The Essence of Life

The Essence of Life

Friday, November 22, 2013

An Unexpected Encounter

The Mitsubishi "Hobo" Knife

To say that as a child I had a rather fertile imagination and unconstrained curiosity would possibly be an understatement. My grandfather, Vô Tô, was a great contributor to that and fed me uncountable Tarzan and likely heroes stories, and the house that I grew up housed many "secrets". And while my father could have been considered a realist, he did not create barriers to my many exploits, even when they took me to his office desk, fishing box and other private and personal assets.

From a very early age I understood that every adventurer needed to have some special gear, a knife being first and foremost the most essential and valuable item. And do it happened that during one of my many visits to my father's "things" I found an extraordinary object.

This was a "survival knife" even if I never heard the term until Rambo First Blood movie came in a decade and a half later. It was a big folder with eleven "blades" that include almost everything from a clip point main blade, to saw, scissors, can and bottle openers, cork screw and even a spoon and a fork. The contraption was housed on a leather sheet decorated with multiple tackles. While really interesting, the heavy folder was not really practical. Since none of the "blades" detached one could not use the knife and fork simultaneously.

Sometime after the discover my father gave me that "survival knife", and that was probably my very first knife. It came even before my Beyer Tarzan knife!

I carried the thing around my waist to a lot of places and social functions, which is just a name to extended family barbecues, and I took good care of it. And then some time during my teenager years the knife mysteriously disappeared and I never saw it again.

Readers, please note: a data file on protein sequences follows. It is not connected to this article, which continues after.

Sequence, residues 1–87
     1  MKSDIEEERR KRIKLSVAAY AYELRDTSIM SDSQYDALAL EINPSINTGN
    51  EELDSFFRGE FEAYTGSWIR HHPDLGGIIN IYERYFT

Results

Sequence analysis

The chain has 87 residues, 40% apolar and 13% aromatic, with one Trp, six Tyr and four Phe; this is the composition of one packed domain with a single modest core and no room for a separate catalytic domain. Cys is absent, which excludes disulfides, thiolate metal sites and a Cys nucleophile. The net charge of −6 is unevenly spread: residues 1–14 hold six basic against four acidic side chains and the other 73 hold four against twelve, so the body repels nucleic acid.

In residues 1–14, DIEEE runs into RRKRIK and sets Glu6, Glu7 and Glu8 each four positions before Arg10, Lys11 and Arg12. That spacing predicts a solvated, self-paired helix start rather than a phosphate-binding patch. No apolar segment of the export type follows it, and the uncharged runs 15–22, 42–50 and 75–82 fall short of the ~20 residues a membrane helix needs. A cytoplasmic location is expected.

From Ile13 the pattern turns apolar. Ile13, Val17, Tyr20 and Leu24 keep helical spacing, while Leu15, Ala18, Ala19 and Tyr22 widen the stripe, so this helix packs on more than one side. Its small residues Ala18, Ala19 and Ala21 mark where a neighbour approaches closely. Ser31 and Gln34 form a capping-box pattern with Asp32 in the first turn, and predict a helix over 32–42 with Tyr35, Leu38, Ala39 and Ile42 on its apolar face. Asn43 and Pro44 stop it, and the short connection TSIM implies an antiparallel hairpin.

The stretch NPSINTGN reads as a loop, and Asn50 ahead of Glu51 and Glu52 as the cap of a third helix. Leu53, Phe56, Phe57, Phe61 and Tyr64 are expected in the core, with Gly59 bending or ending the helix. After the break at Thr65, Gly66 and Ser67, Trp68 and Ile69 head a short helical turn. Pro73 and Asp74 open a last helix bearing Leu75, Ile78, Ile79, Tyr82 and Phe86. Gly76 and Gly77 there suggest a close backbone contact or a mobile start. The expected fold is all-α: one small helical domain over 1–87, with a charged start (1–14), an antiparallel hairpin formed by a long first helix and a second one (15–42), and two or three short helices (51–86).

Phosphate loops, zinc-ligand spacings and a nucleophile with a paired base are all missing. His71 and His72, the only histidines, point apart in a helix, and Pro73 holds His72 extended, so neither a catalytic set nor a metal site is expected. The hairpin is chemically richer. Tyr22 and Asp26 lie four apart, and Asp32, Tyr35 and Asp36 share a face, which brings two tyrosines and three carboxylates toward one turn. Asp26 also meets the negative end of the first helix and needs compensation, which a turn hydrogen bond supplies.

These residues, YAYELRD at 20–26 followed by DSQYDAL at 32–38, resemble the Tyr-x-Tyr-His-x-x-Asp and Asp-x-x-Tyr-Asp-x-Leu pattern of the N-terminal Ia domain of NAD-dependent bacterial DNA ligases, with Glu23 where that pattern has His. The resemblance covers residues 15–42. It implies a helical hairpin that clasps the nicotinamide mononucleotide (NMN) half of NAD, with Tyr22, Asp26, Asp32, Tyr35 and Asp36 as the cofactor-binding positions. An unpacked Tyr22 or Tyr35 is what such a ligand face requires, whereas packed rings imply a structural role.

And then last week while I was exploring the internet, on e-Bay I came across a Vintage WWII JAPAN Camping/Survival Knife Fork Spoon (hobo) Mitsubishi *RARE*, and surprise, surprise it was exactly the same knife that my father had given me almost forty years ago!

I really doubt that this knife even existed during WWII. The complexity and amount of material required to make it, plus the fact that Japanese people use chopsticks and not knife and fork, would put it completely out of place in Guadalcanal or the Kwai River bridges.

Of course I could not avoid buying the rare Mitsubishi hobo knife immediately and then the terrible waiting for its arrival began. I arrived home yesterday night from a business trip and inside my mail box was a small USPS box with the seller's Florida address on it.

My new old knife is in good, but not great, shape. In my opinion there a bit more rust than patina, but my original knife was in even rougher condition. The smaller sheep's foot blade does not open all the way, and some of the smaller "blades" have some play. But irrespective of the condition this knife brings memory from a very distant past.

I probably will never take the Mitsubishi Hobo Knife to the great outdoors, be it in northern Michigan or anywhere else, but every time that I will handle it I will have found memories of my father presenting me with an unique piece of cutlery.

1 comment:

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